G. Fiocco, "I pittori marchigiani a Padova nella prima metà del quattrocento", in Atti del Reale Istituto Veneto di Scienze, Lettere ed Arti, XCL, 1931-1933, p. 116-117;

G. Fogolari, "Pre' Sebastiano Bastianni, suo padre Lazzaro e il Carpaccio", in Rivista di Venezia, vol. XI, 1932, pp. 279-296 (as Carpaccio);

G. Perocco, L'Opera completa del Carpaccio, Milan 1967, p. 117, cat. no. 114;

M. Natale, Venezianische Kunst in der Schweiz und in Liechtenstein, exhibition catalogue, Zurich 1978, p.93, cat. no. 52 (as Venetian School);

G. Passavant, "Venezianische Kunst in der Schweiz und in Liechtenstein, Austellung in Pfäffikon, Seedamm-Kulturzentrum (18 June - 27 August 1978) und Genf (Musée d'art et d'histoire (8 September - 5 November 1978)", in Kunstchronik, XXXII, no. 5, p. 175;

C. Volpe, "Il polittico di San Clemente di Marco Zoppo", in E. Verdera y Tuells ed., El Cardinal Albornoz y el Colegio de España, Bologna and Zaragoza 1979, p. 74 (as attributed to Jacopo da Valenza);

S. Lilie, Was Einmal war. Handbuch der enteigneten Kunstsammlungen Wiens, Vienna, 2003, p. 135;

M. Vinco, "Gli inizi di Michele da Verona", in Proporzione, Annali dalla Fondazione di Roberto Longhi, IX-X, 2008-2009, p. 43-46, reproduced fig. 52 (here and henceforth as Michele da Verona);

M. Vinco in M. Boskovits ed., The Alana Collection, Italian Paintings and Sculptures from the Fourteenth to Sixteenth Centuries, vol. II, Florence 2011, pp. 186-192, cat. no. 29, reproduced pp. 187-189, figs. 1-4.

The rare and somewhat enigmatic subject of this impressive painting had long eluded scholars until a cleaning in 2008 revealed details confirming Federico Zeri\’\’s assertion that the scene depicted was the Dispute between Athena and Poseidon for Supremacy over Attica.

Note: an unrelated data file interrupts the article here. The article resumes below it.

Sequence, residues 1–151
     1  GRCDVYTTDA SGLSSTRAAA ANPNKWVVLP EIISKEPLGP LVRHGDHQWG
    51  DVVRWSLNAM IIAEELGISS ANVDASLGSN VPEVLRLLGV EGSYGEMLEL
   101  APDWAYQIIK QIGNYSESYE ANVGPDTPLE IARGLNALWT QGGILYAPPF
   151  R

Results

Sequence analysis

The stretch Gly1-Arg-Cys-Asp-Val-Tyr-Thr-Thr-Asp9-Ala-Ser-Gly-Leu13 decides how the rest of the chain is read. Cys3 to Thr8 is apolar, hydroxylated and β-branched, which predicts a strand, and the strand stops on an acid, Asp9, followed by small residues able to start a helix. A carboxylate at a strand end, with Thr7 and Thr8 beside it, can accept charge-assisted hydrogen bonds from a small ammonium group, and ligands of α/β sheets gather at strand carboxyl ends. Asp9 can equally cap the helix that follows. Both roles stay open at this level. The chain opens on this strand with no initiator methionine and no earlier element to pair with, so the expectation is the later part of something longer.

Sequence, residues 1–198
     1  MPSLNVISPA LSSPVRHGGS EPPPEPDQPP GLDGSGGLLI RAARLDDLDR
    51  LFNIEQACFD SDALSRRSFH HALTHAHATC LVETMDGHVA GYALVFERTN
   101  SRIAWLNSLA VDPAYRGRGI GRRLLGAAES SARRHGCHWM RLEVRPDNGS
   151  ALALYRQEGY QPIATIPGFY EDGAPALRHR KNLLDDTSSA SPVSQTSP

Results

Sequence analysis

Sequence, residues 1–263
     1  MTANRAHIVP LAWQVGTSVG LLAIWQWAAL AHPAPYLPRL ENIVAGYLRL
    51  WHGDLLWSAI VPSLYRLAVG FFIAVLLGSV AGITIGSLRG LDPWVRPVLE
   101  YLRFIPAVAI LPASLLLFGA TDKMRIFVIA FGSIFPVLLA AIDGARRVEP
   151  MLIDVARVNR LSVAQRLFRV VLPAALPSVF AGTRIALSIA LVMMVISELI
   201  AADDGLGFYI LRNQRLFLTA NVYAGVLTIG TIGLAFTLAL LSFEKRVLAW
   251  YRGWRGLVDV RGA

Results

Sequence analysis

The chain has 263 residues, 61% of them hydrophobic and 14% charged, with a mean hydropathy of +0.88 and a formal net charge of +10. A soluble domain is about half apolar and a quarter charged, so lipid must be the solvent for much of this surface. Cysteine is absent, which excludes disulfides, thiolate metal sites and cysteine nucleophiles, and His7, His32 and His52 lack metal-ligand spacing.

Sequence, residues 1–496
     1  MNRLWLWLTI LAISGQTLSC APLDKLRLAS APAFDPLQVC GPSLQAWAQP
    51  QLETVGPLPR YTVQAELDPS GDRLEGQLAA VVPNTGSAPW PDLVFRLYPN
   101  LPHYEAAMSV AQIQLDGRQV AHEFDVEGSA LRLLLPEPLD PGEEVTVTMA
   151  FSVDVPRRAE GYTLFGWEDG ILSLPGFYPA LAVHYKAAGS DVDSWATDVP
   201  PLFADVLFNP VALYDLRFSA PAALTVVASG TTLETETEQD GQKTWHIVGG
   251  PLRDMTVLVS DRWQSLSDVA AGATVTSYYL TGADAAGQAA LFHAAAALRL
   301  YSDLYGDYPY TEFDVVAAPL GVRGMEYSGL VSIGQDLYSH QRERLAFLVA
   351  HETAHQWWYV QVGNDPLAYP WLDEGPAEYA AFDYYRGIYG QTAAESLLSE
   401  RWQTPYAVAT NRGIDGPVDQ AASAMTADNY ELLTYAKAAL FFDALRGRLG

1

According to the account of Apollodorus in the Greek and Ovid in the Latin, Zeus sent the twelve gods of Olympus to judge a contest that would settle a dispute between Athena and Poseidon, both of whom claimed Attica as their own.

2

At the center of the composition is the horse, conjured by Poseidon\’\’s trident as a gift for the Athenians and the olive tree brought forth by Athena. The goddess was deemed triumphant and Attica was renamed Athens in her honor. The key to the subject\’\’s identification was the discovery of the wings at Mercury\’\’s feet, previously covered by old overpaint, revealing him as the messenger announcing the decision of the Olympians.

3

The classically intellectual and obscure subject, matched with the imposing scale suggest this painting was intended to form part of a decorative cycle for a private studiolo.

4